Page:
From the Museum to the Street
This is not a new problem. French poet Paul Valéry lamented the museum’s effect on the experience of art. In “Le problème des musées,” he complains about the museum’s clutter and decontextualization of art. The clutter induces a reigning “cold confusion.” Bold masterpieces outshine smaller neighbors that also have a strong claim to appreciation. As one observes a dark and overbearing Titian, one cannot get that simple yet striking Morandi out of one’s mind. The clutter induces a frenzied state of overstimulation and before long you feel like you’ve been online for three hours clicking link after link, or like you’ve been trying to decide which deodorant among the thousands to buy: this one smells nice; oh, but this one is cheaper; yet this one is more environmentally sound; and, well, I usually get this one. How did you end up on a website that sells glamour posters from the ‘80s? Why are you staring blankly at a Cézanne, glancing at the information card, then at the Cézanne, then back the card? Why are you taking a photo of something that you failed to live up to? As Adorno puts it in “Valéry Proust Museum,” “One does not know why one has come — in search of culture or enjoyment, in fulfillment of an obligation, in obedience to a convention. Fatigue and barbarism converge.” And, alas, one never really finds that holy place so promised by the columns, stairs, and the $20 admission fee.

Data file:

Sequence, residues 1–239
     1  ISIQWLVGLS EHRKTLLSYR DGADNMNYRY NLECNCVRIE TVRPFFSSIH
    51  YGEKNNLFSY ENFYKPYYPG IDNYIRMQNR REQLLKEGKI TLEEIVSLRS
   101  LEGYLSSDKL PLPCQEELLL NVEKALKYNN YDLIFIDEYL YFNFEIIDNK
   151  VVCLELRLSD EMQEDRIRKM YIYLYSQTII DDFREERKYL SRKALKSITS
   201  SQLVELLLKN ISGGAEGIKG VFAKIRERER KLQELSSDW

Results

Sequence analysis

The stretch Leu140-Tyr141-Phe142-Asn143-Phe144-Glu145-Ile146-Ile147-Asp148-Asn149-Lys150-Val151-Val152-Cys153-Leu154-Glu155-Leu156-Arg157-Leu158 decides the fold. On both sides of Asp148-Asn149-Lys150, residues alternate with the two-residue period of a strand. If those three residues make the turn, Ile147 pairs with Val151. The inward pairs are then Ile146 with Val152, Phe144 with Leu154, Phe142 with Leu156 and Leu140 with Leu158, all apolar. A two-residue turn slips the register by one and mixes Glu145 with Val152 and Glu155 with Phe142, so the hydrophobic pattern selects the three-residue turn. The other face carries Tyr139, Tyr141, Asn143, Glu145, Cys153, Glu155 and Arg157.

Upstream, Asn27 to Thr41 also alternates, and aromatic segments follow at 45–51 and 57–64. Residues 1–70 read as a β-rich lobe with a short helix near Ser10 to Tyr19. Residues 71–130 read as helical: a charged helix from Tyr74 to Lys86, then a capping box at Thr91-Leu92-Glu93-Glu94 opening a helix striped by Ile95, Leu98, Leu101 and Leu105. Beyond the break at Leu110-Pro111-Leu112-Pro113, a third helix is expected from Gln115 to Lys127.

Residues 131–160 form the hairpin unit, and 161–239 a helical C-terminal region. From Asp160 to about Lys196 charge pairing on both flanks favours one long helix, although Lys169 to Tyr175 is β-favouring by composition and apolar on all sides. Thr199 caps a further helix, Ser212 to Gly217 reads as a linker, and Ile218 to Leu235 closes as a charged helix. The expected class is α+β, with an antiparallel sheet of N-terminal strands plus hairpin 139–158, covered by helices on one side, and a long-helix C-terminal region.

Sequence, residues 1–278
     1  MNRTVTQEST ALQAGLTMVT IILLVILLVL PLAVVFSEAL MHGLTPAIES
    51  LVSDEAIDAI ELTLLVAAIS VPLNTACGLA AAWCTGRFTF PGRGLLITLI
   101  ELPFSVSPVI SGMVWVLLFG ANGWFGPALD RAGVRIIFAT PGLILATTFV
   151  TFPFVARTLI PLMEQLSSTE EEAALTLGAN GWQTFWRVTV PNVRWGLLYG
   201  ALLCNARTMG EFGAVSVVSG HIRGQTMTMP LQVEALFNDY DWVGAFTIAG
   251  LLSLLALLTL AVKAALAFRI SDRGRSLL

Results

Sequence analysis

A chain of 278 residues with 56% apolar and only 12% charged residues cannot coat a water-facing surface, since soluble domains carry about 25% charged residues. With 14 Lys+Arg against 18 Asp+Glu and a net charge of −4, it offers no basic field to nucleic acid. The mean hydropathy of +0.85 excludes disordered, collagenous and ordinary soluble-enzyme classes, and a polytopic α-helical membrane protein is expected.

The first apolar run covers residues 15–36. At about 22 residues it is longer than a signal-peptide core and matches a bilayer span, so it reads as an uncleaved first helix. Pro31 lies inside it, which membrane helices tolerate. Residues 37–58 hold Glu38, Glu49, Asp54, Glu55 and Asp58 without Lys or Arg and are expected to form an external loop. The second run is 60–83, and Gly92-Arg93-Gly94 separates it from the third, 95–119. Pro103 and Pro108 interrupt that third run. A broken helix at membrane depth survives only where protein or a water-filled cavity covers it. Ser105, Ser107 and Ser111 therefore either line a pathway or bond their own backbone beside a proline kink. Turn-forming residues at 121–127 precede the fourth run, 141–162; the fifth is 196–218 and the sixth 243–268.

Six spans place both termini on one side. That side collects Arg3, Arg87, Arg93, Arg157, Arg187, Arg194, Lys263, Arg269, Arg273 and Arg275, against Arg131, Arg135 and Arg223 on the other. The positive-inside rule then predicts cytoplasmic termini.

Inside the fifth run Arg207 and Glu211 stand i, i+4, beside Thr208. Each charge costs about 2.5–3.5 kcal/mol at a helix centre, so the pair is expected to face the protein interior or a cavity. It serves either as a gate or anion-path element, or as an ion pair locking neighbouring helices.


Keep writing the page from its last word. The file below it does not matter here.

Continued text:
A different response, championed my Marcel Proust, is to ignore the art’s demands. Forget the information cards, the tourist guides, the artist’s intentions, and the historical context. Art becomes the sounding board of subjectivity. Instead of battling the fatigued disappointment and dejection, Proust changes the standards of viewing. He makes the paintings his own, illustrations of his life, notes to and from friends. It takes an unusually committed and resilient perspectivalist to make it past the architectural monuments to Universality with a firm sense of one’s individuality. But if anyone could do it, surely Proust could.
Few of us are Proust. One solution would be to respect and cultivate that graffiti-approved impulse to tag museum art with your digital camera: explore and promote street art, which largely avoids these problems. There is no museum to set the mood. By taking art out of the museum or gallery and putting it on the street one solves the clutter problem (barring certain oddities like the Candy Factory which attempt to reinvent it). If you want information about a piece in the street you must seek it out. It’s not waiting there for your wandering eye. The normal viewer knows nothing about the artist’s intentions or the context of production, and when so many of the works are anonymous those intentions might be practically inaccessible. One is often forced into Proustian perspectivalism. Make of it what you will, it’s yours to love in your own way. And take a decent photo. It might be gone tomorrow.